Successful leaders don’t worry about party unity

We have reached the stage in the Conservative leadership contest where, with everyone confident Liz Truss will defeat Rishi Sunak, handy advice is being dispensed among the political class.

First came the warnings “not to underestimate Liz Truss”. Well, of course. You will not get close to Number 10 without guile, talent, determination and political stamina. While we should not misjudge Truss, nor should anyone underestimate the scale of the challenges she faces — many of them driven by factors beyond her control. The next prime minister will have no money, an energy price shock, high inflation, rising interest rates, a tax-cutting agenda and struggling public services.

A more accurate way to phrase the argument is that we should not overestimate Labour. Keir Starmer has yet to show the strategic clarity needed to seal the deal with voters. This remains the new premier’s main hope.

It leads to the second wise saw. After an internecine leadership contest, runs the argument, Truss must move to unify her party. This means trimming on the pledges made to rightwingers and making room in her cabinet for people who did not support her, her defeated rival, his allies and moderate Conservatives.

This is a terrible idea. While Truss should not seek disharmony, she cannot buy unity. And what purpose is served by putting Sunak in her cabinet? He disagrees with her economic strategy and were he to take a job it would only be because he sees another shot at the leadership in two years’ time. Truss must look beyond her own camp but her ministers must commit to her policies.

This is not an argument against pragmatism. But the skittish and rebellious Tory party does not respect weakness or token efforts to find consensus. Johnson’s dishonesty was his undoing but his underlying flaw was making unforced errors and constant U-turns which led MPs to doubt his ability to lead. The odd retreat is sensible but you cannot give the impression that you can be pushed around.

Parties are united only by clear leadership and electoral momentum, the first is the midwife to the second. The most effective recent leaders did not pander to defeated rivals or ideas. Thatcher, Blair and initially Johnson succeeded by setting a course and pursuing it. Ministers had to sign up to the strategic goals. Critics were purged as soon as practical.

The prospect of success at election time is all that will unify the Tories. And since the economic situation is deteriorating, Truss’s only hope is that MPs see voters responding to what looks like effective government. This demands calculated boldness.

Of course it also requires her policies to be the right ones and there are strong reasons for doubt about both her economic strategy and hard line on Brexit. But she will not be better off for being tremulously wrong. You do not smash the prevailing economic orthodoxy — as Truss insists is necessary — by being half-hearted.

This does not remove the need for competent leadership in major departments. There is nothing, for example, to suggest that Suella Braverman, the attorney-general, is ready to run the Home Office, a job for which she is widely tipped. Braverman played a key role in delivering the right for Truss and has to be rewarded but she has never run a serious ministry and the Home Office is one of the most demanding and politically dangerous wings of government. Loyalty matters but strong leaders need effective ministers.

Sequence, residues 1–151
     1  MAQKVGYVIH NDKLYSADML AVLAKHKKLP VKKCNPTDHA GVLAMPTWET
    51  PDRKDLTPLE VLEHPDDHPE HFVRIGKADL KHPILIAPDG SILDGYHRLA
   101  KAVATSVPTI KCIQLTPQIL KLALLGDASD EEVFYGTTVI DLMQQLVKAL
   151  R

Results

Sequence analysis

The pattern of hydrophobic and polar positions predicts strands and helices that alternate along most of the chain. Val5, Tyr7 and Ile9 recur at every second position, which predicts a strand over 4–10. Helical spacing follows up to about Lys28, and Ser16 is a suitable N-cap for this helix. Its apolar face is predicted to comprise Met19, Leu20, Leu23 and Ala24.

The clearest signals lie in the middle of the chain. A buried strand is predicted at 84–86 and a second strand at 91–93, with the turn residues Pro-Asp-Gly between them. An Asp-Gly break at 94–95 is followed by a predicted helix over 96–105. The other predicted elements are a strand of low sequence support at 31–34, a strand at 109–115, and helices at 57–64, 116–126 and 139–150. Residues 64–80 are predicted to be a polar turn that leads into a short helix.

Truss is, in any case, a prisoner of the campaign she fought. Having made mainstream thinking her avowed enemy she has little room to revert. There is no choice but to double-down on her core beliefs; that Brexit offers economic opportunities; that lower taxes will rapidly deliver growth; that the size of the state can be reduced.

This is not an argument for being stubborn. Truss should remember that Thatcher matched her conviction with calculated caution. One early test will be her own legislation as foreign secretary giving the UK unilateral powers to tear up large parts of the Northern Ireland protocol. She dare not resile from this but, given the trade risks of a new Brexit confrontation, she could hold off using those powers.

The one area where she must move swiftly and dramatically is on a significant package of support for household energy bills, aimed at the least well off. Since this nettle has to be grasped she may as well be immediately bold. Misjudgment here will doom either prime minister.

Voters recognize that the pandemic and Ukraine crisis have derailed the government. Truss does not have long enough to change the fundamentals of her unwelcome inheritance but, against unconvincing opposition, someone who projects confidence may persuade voters that she should be given more time to complete the task.

But the next prime minister has few happy options. Even before one considers whether her ideas are viable, the economic problems may simply be too overwhelming for any leader.

But given her argument that Britain is sinking in a mire of unmet challenges and economic orthodoxy, the best and only hope for the next Tory leader is to drive forward her plans with total conviction. There is no room for compromise in the name of an illusory party unity. It may not be enough but, as they say in poker, she is all in.

robert.shrimsley@ft.com

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